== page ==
In 2001, Chartpak, Inc. became the exclusive distributor for the Pelikan brand in the United States as well as Mexico and Canada. The company manufactures and imports fine artist materials, fine writing instruments, and office products for distribution in the Americas. Their website states; “Chartpak has an established portfolio of 14 brands with 60 product lines that span 17 distinct categories of art materials, fine writing, craft & hobby and office products, many of which are made in the USA or Europe.” Chartpak is located in Leeds, Massachusetts and is nestled in the five-college area of the state which boasts a vibrant and active student artist population. While Chartpak’s story accounts for nearly the past 20 years of Pelikan in the United States, have you ever wondered about Pelikan’s past US operations or who distributed their products in North America before Chartpak? A recent inquiry from a reader led me to ponder that very question in greater detail. When you search Google for the answer, you come up with surprisingly little, most likely because the bulk of the history occurred prior to the rise of the internet. Not to be discouraged, I turned to a resource that was satisfyingly nostalgic, the newspaper. After searching through dozens of papers and hundreds of articles, I learned that Jack Kelly was probably correct when he said, “…headlines don’t sell papes. Newsies sell papes.” I also learned a great deal about Pelikan’s more public affairs throughout the 1980s and 90s. While the record in incomplete, we can get at least a basic sense of Pelikan’s operations in the USA over that two decade span. It is important to keep in mind that Pelikan’s business structure is incredibly complex with many divisions. Pelikan AG and later Pelikan International acted largely as holding companies, a type of financial organization that owns a controlling interest in other companies called subsidiaries. While the parent corporation controls the subsidiary’s policies and oversees management decisions, the days to day operations are left to the subsidiary. In this way, the holding company protects itself from losses accrued by the subsidiary (creditors can’t go after the holding company). What we had in the US focused on hardcopy or printer consumables which started out as a product group in the Pelikan product range. The distribution of fine writing instruments in North America has been managed by various agents over the years which I will endeavor to explore. I should make it clear that at no point were fountain pens or fountain pen inks manufactured in the USA. Read on to learn how the company’s fortunes rose and fell over the span of approximately 15 years and why operations eventually ceased.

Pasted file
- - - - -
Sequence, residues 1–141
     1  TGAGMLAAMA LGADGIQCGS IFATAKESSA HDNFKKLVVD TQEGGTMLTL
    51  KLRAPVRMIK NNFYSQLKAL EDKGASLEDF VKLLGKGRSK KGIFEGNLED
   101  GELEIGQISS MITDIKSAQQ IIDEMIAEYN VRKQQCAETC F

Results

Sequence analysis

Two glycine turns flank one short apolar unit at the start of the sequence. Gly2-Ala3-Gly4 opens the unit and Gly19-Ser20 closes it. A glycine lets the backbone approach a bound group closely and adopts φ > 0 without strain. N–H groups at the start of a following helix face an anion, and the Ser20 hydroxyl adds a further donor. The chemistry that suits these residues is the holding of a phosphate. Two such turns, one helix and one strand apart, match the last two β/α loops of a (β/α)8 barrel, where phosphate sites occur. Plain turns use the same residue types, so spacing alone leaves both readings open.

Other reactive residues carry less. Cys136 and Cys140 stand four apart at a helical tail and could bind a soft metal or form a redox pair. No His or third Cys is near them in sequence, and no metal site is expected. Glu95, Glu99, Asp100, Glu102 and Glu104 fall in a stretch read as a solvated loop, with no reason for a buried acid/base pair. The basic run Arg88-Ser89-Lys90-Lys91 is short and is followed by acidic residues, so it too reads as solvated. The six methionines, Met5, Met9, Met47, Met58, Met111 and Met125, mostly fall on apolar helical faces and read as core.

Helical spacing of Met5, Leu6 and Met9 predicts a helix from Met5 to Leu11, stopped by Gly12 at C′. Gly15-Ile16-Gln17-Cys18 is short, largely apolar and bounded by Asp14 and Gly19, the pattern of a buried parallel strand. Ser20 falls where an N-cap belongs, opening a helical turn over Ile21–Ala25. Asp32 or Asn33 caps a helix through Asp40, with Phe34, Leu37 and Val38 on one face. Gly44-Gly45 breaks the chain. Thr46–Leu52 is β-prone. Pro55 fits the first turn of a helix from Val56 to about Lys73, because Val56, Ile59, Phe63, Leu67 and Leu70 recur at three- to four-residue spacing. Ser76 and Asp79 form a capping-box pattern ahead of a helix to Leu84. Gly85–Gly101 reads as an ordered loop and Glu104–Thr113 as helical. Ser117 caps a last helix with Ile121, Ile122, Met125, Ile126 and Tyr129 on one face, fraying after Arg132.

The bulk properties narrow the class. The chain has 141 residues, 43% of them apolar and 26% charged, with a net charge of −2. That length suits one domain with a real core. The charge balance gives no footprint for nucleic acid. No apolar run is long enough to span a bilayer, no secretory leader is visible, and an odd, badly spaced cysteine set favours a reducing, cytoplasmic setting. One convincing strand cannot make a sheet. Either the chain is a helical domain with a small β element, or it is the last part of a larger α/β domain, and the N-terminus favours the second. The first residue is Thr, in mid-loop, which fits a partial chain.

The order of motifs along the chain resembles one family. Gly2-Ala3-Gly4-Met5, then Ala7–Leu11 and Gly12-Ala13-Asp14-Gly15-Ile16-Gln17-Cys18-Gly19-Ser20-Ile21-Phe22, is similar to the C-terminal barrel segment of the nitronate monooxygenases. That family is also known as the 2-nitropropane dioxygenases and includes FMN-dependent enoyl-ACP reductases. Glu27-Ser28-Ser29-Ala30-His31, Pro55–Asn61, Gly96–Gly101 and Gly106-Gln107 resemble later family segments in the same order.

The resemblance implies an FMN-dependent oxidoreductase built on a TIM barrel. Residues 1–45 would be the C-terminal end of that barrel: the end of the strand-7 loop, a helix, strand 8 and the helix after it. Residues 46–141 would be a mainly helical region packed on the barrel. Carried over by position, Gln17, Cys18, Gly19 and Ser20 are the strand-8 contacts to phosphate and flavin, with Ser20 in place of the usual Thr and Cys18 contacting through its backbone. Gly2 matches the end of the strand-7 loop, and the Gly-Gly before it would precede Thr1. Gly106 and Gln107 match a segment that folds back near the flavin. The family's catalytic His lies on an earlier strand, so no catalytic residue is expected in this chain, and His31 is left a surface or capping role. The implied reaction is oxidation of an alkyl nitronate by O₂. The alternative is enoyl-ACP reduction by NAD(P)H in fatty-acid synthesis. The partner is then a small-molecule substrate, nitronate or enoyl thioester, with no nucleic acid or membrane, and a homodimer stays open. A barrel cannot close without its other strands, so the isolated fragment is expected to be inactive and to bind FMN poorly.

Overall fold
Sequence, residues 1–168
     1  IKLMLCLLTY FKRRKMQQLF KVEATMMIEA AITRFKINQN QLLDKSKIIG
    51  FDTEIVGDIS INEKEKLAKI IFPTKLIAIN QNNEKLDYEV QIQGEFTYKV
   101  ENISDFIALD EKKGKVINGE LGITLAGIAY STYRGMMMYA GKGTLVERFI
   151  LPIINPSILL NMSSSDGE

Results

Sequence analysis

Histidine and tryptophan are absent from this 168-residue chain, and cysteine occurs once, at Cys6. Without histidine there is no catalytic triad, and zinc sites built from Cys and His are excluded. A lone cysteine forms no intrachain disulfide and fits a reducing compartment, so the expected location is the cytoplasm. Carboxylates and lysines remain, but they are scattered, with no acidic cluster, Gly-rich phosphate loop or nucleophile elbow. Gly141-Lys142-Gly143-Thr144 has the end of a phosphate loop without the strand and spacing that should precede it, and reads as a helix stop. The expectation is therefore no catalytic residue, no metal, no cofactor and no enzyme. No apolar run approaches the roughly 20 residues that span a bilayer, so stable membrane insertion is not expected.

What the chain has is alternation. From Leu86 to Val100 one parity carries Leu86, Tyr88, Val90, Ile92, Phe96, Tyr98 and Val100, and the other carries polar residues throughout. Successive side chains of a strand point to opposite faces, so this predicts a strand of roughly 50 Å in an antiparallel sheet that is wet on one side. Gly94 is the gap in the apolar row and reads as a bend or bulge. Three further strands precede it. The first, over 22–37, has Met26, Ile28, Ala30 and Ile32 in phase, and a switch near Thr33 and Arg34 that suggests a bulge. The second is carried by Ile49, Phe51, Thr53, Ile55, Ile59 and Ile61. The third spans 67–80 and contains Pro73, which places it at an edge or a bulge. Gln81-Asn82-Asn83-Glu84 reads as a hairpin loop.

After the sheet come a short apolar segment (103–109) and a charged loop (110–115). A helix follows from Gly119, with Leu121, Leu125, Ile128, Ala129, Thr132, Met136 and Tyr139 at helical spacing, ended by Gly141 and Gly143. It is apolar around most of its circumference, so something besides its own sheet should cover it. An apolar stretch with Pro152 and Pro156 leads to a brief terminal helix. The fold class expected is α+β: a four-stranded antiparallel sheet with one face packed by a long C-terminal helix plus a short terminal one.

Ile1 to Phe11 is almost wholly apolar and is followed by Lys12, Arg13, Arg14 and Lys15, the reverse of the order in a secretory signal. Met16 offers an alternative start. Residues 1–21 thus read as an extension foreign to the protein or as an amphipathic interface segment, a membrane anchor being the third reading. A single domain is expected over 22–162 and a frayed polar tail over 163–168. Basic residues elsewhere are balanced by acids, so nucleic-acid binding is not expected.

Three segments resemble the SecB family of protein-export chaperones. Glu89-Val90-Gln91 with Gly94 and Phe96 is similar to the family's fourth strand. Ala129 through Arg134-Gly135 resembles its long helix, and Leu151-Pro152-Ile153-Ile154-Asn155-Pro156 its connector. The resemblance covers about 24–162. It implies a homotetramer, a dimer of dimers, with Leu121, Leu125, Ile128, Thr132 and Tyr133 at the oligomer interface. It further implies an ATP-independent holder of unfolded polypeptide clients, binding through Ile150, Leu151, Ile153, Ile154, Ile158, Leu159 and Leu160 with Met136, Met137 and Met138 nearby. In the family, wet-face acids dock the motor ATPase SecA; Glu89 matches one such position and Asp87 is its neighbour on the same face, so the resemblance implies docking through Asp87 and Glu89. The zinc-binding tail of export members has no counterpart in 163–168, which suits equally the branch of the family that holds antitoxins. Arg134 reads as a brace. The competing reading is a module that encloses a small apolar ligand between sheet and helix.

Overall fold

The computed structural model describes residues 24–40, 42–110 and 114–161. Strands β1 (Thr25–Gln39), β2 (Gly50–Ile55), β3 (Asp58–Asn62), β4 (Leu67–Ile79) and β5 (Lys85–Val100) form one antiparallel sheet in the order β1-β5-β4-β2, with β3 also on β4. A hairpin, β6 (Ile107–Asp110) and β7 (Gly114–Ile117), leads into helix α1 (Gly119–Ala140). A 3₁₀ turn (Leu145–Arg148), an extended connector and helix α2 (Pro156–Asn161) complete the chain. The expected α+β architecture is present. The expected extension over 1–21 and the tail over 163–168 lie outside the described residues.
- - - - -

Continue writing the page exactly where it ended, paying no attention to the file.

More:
Paul von Hindenburg (10/2/1847 – 8/2/1934) was a general who commanded the Imperial German Army during World War I. He would go on to become the President of Germany in 1925 during the time of the Weimar Republic (1919 – 1933), an office that he held until his death. On November 19, 1932, a letter known as the “Industrielleneingabe” was signed by more than a dozen representatives of industry, finance, and agriculture urging President Hindenburg to appoint Adolf Hitler (4/20/1889 – 4/30/1945) Chancellor of Germany. One of the notable signatories on that letter was Fritz Beindorff, Sr (4/29/1860 – 6/2/1944), then owner of Pelikan. Mr. Beindorff was incredibly influential in Hannover at the time, holding many honorary, appointed, and elected positions. Few companies have shaped the face of Hannover more than Pelikan thanks in no small part to his leadership. Hindenburg did not immediately comply with the request but, under pressure from several advisers, he would appoint Hitler to the position of Chancellor in January 1933, a pivotal moment in the Nazi rise to power.